As 2020 comes to a close, we must be reminded that the situation we face as Americans in this moment is not unique; in fact, no matter how difficult these times may be for us, those who went before were at moments equally troubled. “These are the times that try men’s souls,” Thomas Paine famously wrote in 1776. The time to which he refers is the ongoing struggle of the Revolutionary War, well underway but bogged down in Valley Forge when he wrote that memorable passage. The souls facing that trial were not merely the soldiers freezing their toes off in Pennsylvania, but every inhabitant of the newly-declared independent nation of America. There was no certainty for any of them, save a feeling of divine provenance among the extra-faithful. For the majority, though, these were days and nights filled with varying degrees of doubt and terror…much as some of us are feeling tonight.
What history teaches us though, or would but for our typically poor recollection (or poor education), is that by the time those words were written we’d already been in actual combat for nearly two years. We often carry the mistaken notion that our forefathers declared independence from King George, and the Revolution followed. Even today our leaders and would-be leaders often commend us to “Party like it’s 1776”, as if that is when the Revolution began. This is incorrect. So let’s redress this mistake, and in doing so perhaps fix a better picture in our minds as to where we–you and I–currently are in our own struggle.
As 1774 rolled over to ’75, patriots–who were at that point “seditionists”–had begun making preparations for war. Led by people like Samuel Adams and John Hancock, the earliest American revolutionaries started crafting and storing weapons and ammunition throughout the fall and winter of ’74, primarily in and around Concord, Massachusetts. This was an open secret, one that would lead to the first skirmish of the Revolution (preceded by the midnight ride of Paul Revere) in the Spring of 1775. “The shot heard ’round the world” was fired in April of 1775 by British forces toward a handful–fewer than 50, by eyewitness accounts–of patriots on Lexington Green. That volley, and the small but meaningful battle that took place immediately afterward in Concord, opened the hostilities that were to become the American Revolution–fifteen months before our independence was declared.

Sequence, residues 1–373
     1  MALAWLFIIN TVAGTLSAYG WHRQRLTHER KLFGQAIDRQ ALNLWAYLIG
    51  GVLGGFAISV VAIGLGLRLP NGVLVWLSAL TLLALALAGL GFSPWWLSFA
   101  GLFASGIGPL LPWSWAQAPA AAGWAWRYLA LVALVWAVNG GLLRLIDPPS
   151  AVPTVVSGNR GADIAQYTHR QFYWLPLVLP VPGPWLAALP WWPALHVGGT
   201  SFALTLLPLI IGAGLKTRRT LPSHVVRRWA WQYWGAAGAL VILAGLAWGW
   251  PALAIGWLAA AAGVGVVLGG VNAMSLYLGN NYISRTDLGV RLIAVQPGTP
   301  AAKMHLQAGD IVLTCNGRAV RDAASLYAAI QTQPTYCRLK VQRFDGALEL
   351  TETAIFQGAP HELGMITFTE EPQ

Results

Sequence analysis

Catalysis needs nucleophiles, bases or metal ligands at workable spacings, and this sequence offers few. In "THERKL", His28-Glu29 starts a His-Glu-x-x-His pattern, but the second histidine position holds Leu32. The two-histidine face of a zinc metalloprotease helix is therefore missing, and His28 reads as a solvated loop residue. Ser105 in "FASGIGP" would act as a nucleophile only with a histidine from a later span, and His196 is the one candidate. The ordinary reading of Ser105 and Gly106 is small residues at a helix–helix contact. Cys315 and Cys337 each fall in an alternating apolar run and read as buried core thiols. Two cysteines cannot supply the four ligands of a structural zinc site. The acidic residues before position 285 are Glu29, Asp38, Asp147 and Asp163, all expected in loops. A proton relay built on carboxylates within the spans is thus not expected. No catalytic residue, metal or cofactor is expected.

This is an important understanding for us to have right now. A few dozen committed men, without actually firing a shot (according to a reliable participant at Lexington) prompted the event that would lead to the formation of the greatest nation the world has ever known. Tensions had built for some time, and “rabble-rousers” like Samuel Adams had drummed these events into a rallying cry for those who believed it was time to free themselves and their colony brethren from the rule of an out-of-touch monarch. Many of those early participants were men of wealth and prestige, who stood to lose everything in pledging themselves to this new righteous cause–yet pledge they did; their lives, fortunes, and sacred honor, as it were.
This is another fact that is often forgotten when we recount the history; independent America was a “new” country, but the colonies from which it sprang were anything but. In fact, the Mayflower had arrived more than 150 years prior to the Battle of Lexington/Concord, and the American colonies had prospered ever since. It is a testament to them that these men of importance, standing, and wealth within the burgeoning economy of the Americas put at risk all they had worked for in the name of securing Liberty for themselves and their families. And this was no small undertaking; Britain was then as America is now, in terms of might and world position. These were truly Davids against a powerful Goliath.